Muslims in Malaysia has been warned by a minister and a top cleric not to drink flavoured beer branded as non-alcoholic after it was found to contain some alcohol content.
The minister for Islamic affairs, Jamil Khir Baharom, said at the weekend tests had found flavoured beer from the Middle East advertised as non-alcoholic contained 0.5 percent alcohol and thus should not be drunk by Muslims.
Regulations stipulate that anything that contains more than 0.01 percent alcohol is non-halal, or not suitable for Muslims.
An official from Jamil's department said Tuesday that Muslim consumers were advised to check whether products carried the official logo from Malaysian authorities to certify they were halal, or permissible under Islamic law.
"In sharia law, there is no halal beer. Any beverage that contains any alcohol is considered not halal," the official said.
Harussani Zakaria, head cleric of northern Perak state, also condemned the beverage.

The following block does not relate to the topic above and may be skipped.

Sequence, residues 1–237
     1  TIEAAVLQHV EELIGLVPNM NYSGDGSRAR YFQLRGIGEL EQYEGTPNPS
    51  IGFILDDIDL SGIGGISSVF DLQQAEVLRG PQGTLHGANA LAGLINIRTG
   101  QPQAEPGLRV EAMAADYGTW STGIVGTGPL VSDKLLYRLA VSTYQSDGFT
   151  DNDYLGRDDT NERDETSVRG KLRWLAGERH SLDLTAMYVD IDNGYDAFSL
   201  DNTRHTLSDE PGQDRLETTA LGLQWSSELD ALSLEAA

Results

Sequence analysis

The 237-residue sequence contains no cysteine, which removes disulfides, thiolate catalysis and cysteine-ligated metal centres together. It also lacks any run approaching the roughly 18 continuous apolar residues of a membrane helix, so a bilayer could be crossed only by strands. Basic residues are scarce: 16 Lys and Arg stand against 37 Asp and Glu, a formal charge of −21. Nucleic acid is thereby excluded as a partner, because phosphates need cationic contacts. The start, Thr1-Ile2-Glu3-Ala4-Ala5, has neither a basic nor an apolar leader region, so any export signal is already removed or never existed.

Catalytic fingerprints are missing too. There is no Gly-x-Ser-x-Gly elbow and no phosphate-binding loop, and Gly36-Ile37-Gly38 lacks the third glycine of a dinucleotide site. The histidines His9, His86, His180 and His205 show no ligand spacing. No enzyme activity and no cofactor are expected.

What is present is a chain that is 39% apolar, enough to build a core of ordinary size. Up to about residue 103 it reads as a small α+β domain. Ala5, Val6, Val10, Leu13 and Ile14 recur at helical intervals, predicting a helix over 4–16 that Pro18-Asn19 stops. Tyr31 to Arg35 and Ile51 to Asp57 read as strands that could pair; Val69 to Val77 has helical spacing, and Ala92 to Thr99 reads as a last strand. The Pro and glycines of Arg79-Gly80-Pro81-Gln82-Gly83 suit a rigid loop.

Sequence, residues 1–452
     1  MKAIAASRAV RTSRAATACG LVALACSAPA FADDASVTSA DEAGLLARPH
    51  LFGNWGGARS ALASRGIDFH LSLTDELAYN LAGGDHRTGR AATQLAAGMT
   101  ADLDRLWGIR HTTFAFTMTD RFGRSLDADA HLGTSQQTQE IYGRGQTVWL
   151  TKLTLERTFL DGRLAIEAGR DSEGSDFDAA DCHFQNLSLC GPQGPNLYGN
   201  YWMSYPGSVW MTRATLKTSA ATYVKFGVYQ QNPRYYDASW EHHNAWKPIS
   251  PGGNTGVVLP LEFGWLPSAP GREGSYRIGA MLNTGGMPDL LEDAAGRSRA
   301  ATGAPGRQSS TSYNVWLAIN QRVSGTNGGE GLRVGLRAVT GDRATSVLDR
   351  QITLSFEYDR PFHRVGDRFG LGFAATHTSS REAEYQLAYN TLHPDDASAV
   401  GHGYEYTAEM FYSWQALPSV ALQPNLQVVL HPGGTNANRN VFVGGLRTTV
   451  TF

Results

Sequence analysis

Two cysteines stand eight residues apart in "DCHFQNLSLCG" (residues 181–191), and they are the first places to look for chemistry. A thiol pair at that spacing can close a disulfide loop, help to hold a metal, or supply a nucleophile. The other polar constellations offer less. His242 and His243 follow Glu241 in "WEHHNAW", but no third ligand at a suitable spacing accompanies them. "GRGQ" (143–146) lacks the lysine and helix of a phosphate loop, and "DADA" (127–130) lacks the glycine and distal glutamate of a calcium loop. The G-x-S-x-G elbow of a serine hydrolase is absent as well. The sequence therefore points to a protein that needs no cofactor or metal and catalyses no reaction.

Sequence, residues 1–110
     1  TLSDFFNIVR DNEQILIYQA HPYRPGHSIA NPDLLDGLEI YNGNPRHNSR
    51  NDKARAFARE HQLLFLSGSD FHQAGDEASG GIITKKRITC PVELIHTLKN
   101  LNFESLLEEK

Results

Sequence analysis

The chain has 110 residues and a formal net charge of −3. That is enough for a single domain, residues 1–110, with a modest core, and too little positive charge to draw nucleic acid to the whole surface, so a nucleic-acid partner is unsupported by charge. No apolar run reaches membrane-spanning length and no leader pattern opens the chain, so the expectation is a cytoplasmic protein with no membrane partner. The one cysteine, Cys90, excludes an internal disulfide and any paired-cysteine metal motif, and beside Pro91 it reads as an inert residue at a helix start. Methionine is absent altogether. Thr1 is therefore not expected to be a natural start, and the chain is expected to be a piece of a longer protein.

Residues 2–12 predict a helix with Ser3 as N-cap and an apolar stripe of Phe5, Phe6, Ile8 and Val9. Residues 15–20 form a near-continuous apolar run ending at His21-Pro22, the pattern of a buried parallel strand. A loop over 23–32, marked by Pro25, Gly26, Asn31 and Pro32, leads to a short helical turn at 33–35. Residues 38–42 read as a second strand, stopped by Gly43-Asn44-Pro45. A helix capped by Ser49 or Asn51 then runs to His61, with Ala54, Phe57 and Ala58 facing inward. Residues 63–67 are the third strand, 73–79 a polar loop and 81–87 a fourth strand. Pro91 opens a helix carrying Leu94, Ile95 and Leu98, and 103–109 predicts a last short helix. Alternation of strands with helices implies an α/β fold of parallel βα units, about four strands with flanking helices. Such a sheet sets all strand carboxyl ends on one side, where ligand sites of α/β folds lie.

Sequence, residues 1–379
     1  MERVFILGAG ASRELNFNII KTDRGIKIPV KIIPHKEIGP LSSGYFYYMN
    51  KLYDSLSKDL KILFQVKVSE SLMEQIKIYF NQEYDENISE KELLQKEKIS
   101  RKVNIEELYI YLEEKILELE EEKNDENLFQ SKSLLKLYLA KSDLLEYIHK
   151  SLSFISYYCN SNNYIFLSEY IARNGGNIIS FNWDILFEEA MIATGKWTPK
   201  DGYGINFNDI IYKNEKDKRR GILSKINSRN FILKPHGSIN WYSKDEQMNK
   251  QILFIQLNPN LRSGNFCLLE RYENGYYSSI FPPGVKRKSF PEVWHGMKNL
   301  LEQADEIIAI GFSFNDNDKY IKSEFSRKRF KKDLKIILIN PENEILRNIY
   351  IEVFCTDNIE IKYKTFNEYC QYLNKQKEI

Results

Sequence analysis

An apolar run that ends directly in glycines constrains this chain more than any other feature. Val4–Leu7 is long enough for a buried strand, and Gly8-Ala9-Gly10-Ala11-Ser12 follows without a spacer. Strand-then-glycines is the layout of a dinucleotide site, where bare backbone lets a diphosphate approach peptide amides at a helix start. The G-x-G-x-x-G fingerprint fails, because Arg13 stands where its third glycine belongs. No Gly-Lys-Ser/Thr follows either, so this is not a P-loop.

"It is very simple; basically beer is alcohol," he was quoted by the New Straits Times as saying.
"Alcohol is an intoxicant... There shouldn't be any doubt about that."
Morality debates are frequent in Malaysia, where the majority Muslim population must follow Islamic rules that forbid such conduct as drinking alcohol or sex outside marriage.
Muslims make up some 60 percent of the Southeast Asian country's 28 million people.
The country made headlines in 2009 when a sharia court ordered a Muslim woman to be caned for drinking alcohol at a bar. Following an outcry over the punishment, her sentence was eventually commuted to community service.